Last week I wasn’t interested in doing anything on my to-do list. It happens. It’s the rebel in me that tires of having a structure imposed on me – even when I’m the one doing the imposing! Yet if I want to avoid getting overwhelmed I need to get planning.

 

When you make the move to being self-employed (whether as a contractor, freelancer or business owner) you need to find a new way of working. Working in your pajamas and binge watching Netflix in the afternoon will only get you so far!

 

If you’re anything like me your first step on becoming self-employed will be to do the complete opposite of what you had to do in your previous job.

 

As a corporate lawyer I was required to record every 6 minutes of my time. Every 6 Minutes! My friends always wanted to know if I had to record the time that I went to the bathroom…

 

I did that for 17 years, from the days of handwriting my time for my secretary to type up to recording my time on electronic clocks.

 

When I left my career in the law I wanted freedom in my days so I bounced to the other extreme – no time recording, no structure. I didn’t last long there because it also meant no progress!

 

Gradually I learned what worked for me. Ironically my new way of working contained a lot of the systems that I’d developed for myself while working as a lawyer.

 

There is nothing quite like recording every minute of your day to get you organised. One day I worked out what each of those 6 minute units was costing my clients. That got me super focused as I felt that it was their money that I was spending as I worked.

 

I’m going to take you through how I plan out my week. Each one of us is different and what works for me may not work for you. Yet seeing how another business owner works might give you a structure to start with and help you avoid getting overwhelmed.

 

The Start Of The Week

I already have my to-do list written up (see The End of The Week). I write this list in a notebook – mainly because I love crossing things off once they’re done!

 

Whether you use a notebook, an online calendar or one of the many planning tools the important thing is to get started so don’t over complicate what you do.

I love it when I can find a notebook on my travels that has recycled pages. I bought this one in Ajijic, Mexico.

 

 

Behind my to-do list sits my on-line calender. I use my calender to block out time for the main activities in my business. I colour code each of the activities as it makes looking at my calendar far more interesting!

 

 

My main activities are:

Marketing (Green)

I like to put reminders in my calendar for the various theme days in FB groups that I’m part of. During those 30 minute slots I’ll also see if there is anyone that I can help.

 

I’ve since moved all of these slots to the afternoon as I found that I was spending too much time in FB. So now I don’t go in until the afternoon which leaves my mornings free to have client calls or to create content while my energy is at its highest.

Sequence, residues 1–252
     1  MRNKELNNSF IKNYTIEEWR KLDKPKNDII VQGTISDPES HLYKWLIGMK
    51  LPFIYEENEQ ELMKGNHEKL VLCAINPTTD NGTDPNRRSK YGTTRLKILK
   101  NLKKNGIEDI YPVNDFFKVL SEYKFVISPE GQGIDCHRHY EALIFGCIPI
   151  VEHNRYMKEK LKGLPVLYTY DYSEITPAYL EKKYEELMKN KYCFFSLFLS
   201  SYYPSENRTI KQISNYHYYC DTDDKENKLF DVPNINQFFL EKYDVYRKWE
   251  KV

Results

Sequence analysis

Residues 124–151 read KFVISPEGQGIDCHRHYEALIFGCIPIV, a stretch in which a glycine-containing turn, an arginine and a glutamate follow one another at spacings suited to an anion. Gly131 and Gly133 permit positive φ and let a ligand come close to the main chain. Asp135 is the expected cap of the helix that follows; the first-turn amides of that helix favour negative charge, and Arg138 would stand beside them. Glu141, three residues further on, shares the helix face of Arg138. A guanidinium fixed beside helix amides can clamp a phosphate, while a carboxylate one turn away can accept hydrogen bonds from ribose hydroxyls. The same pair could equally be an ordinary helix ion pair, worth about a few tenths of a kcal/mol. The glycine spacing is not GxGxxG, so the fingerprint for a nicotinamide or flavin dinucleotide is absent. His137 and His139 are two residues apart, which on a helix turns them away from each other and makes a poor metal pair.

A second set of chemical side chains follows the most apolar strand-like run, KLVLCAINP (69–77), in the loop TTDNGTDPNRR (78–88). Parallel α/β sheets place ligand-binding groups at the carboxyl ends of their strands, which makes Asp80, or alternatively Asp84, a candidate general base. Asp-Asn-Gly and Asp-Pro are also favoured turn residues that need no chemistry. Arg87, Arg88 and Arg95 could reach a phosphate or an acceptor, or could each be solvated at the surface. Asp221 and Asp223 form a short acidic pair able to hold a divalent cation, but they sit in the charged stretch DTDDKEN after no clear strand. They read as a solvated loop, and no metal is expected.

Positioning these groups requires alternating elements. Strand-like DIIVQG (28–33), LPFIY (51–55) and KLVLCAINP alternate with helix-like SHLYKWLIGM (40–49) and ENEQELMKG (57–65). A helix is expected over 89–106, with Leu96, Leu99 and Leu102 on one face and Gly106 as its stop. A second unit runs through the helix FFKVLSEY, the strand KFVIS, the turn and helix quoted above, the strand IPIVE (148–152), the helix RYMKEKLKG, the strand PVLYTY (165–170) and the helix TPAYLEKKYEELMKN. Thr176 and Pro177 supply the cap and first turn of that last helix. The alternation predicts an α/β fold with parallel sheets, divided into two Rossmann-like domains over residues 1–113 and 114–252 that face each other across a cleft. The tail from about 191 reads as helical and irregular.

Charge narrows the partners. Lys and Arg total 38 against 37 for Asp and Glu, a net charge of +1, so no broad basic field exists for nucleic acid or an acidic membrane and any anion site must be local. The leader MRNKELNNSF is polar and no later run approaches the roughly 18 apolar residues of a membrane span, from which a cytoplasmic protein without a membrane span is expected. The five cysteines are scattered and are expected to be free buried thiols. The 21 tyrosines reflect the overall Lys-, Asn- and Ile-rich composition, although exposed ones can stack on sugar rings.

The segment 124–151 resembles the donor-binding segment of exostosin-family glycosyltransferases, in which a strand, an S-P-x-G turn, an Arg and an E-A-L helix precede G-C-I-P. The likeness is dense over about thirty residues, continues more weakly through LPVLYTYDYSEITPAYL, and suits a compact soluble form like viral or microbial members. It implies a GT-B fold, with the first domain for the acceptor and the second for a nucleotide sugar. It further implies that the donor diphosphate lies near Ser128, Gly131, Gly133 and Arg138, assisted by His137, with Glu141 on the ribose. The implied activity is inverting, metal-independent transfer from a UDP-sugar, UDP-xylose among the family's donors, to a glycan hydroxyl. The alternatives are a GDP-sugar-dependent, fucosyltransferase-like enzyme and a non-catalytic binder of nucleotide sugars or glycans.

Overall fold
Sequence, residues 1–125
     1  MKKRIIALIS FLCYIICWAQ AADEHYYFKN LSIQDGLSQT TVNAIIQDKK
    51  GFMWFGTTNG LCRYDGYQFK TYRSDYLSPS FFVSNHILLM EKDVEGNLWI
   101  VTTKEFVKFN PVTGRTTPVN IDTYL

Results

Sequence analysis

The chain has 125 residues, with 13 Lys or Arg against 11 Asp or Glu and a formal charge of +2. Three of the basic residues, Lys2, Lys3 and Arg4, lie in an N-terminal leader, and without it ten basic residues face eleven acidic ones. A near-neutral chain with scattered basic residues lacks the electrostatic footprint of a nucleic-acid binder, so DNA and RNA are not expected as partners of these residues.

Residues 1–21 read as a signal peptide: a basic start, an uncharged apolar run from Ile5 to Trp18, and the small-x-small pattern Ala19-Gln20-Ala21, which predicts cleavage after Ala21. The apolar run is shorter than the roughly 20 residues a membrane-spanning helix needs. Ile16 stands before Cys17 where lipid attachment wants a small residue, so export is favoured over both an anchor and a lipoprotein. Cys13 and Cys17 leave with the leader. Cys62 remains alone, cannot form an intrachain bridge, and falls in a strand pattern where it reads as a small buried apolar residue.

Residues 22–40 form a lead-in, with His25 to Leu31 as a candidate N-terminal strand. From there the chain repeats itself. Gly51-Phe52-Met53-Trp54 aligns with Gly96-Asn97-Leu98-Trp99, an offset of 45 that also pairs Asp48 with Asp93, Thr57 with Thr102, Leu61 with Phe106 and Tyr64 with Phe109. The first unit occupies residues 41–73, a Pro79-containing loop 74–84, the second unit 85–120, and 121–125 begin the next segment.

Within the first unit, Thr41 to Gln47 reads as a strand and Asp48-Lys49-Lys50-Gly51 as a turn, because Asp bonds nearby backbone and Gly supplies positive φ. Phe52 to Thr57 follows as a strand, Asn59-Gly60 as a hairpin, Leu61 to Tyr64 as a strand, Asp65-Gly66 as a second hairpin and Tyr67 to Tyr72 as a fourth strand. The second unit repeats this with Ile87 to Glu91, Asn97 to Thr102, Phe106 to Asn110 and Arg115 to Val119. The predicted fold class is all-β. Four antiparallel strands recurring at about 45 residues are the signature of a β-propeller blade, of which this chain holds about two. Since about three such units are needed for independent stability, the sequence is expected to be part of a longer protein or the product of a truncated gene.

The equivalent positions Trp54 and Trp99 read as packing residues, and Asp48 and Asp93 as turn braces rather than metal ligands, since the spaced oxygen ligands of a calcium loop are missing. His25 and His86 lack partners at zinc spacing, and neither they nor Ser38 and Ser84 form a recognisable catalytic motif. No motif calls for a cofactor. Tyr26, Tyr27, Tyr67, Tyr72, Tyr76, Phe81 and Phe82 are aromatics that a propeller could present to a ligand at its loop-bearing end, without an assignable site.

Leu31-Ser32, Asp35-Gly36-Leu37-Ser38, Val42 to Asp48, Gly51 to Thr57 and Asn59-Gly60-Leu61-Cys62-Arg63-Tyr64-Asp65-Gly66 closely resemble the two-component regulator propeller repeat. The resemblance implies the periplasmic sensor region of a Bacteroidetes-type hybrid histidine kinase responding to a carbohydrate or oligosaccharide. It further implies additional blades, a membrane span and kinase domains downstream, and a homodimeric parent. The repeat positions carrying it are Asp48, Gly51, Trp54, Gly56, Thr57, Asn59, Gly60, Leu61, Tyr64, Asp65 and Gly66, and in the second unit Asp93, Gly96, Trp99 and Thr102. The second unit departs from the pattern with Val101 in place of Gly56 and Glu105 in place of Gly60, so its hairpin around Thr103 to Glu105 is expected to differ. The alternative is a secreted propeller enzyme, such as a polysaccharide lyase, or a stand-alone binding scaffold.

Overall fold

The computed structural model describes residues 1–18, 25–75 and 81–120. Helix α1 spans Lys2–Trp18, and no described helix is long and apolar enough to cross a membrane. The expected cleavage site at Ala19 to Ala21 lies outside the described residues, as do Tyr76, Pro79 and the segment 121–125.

There will always be room for improvement in whatever planning method you choose.

 

Content Creation (Blue)

This is my time to write my weekly emails to my readers, to write blog posts, FB posts and Instagram posts.

 

I’ll also use this time to think of, and create, new products and services.

 

Business Development (Purple)

In business you never stop learning so make sure you have time slotted in to focus on your learning goal for the week.

 

 

Client Care (White)

Once a client books in I change the appointment colour to red so I can easily see when the appointments are.

 

 

Admin/Operations (Pink)

I may not need an hour a day but having this allocated time means that those tasks don’t build up. I do them at the end of the day as that’s when my energy is at its lowest.

 

This colour-coded overview allows me to see if I’m allocating enough time to the right activities. I’ll then do the tasks on my to-do list within the time slots that I’ve set aside.

 

 

The Middle Of The Week

I take stock of how I’m going. Have I got enough time to do everything that I wanted? Has a task taken longer than I thought it would?

By taking stock in the middle of the week I can adjust anything that I need to and not feel disappointed when I get to the end of the week and I haven’t achieved what I want.

 

 

The End Of The Week

In some ways what I do at the end of the week is the most important.

 

I review where I’m at with my list of tasks.

 

What is left outstanding on my list? Why?

 

What worked well this week? What didn’t?

 

There is always a lesson to be learned by asking these questions. I may need to allocate more time to a task or take a look at why I avoided doing a certain task.

 

Maybe I thought it would be painful – generally anything to do with a help desk!

 

Maybe I had an attack of self-doubt. This usually comes up when I apply for podcast interviews which is ironic as I enjoy doing them and have meet some wonderful people this way.

 

I write out my list on Sunday afternoon/evening. I do this so that I start the week knowing exactly where my focus is.

 

 

The End Of The Month

 

At the end of each month I do a complete review of how the month has gone; for tasks and for numbers (financial, readers and social media).

 

I keep all of my results in a spreadsheet so I can see the changes from month to month.

 

How do you plan your week to avoid getting overwhelmed?

Are you finding that you’re completely overwhelmed by everything that you need to do in your business? Take a moment to book in for a complimentary business strategy session with me. We’ll spend 30 minutes chatting about where you’re feeling overwhelmed and design a plan to help you get rid of that feeling. You’ll never look at your to-do list with dread again!

Book in here > > >

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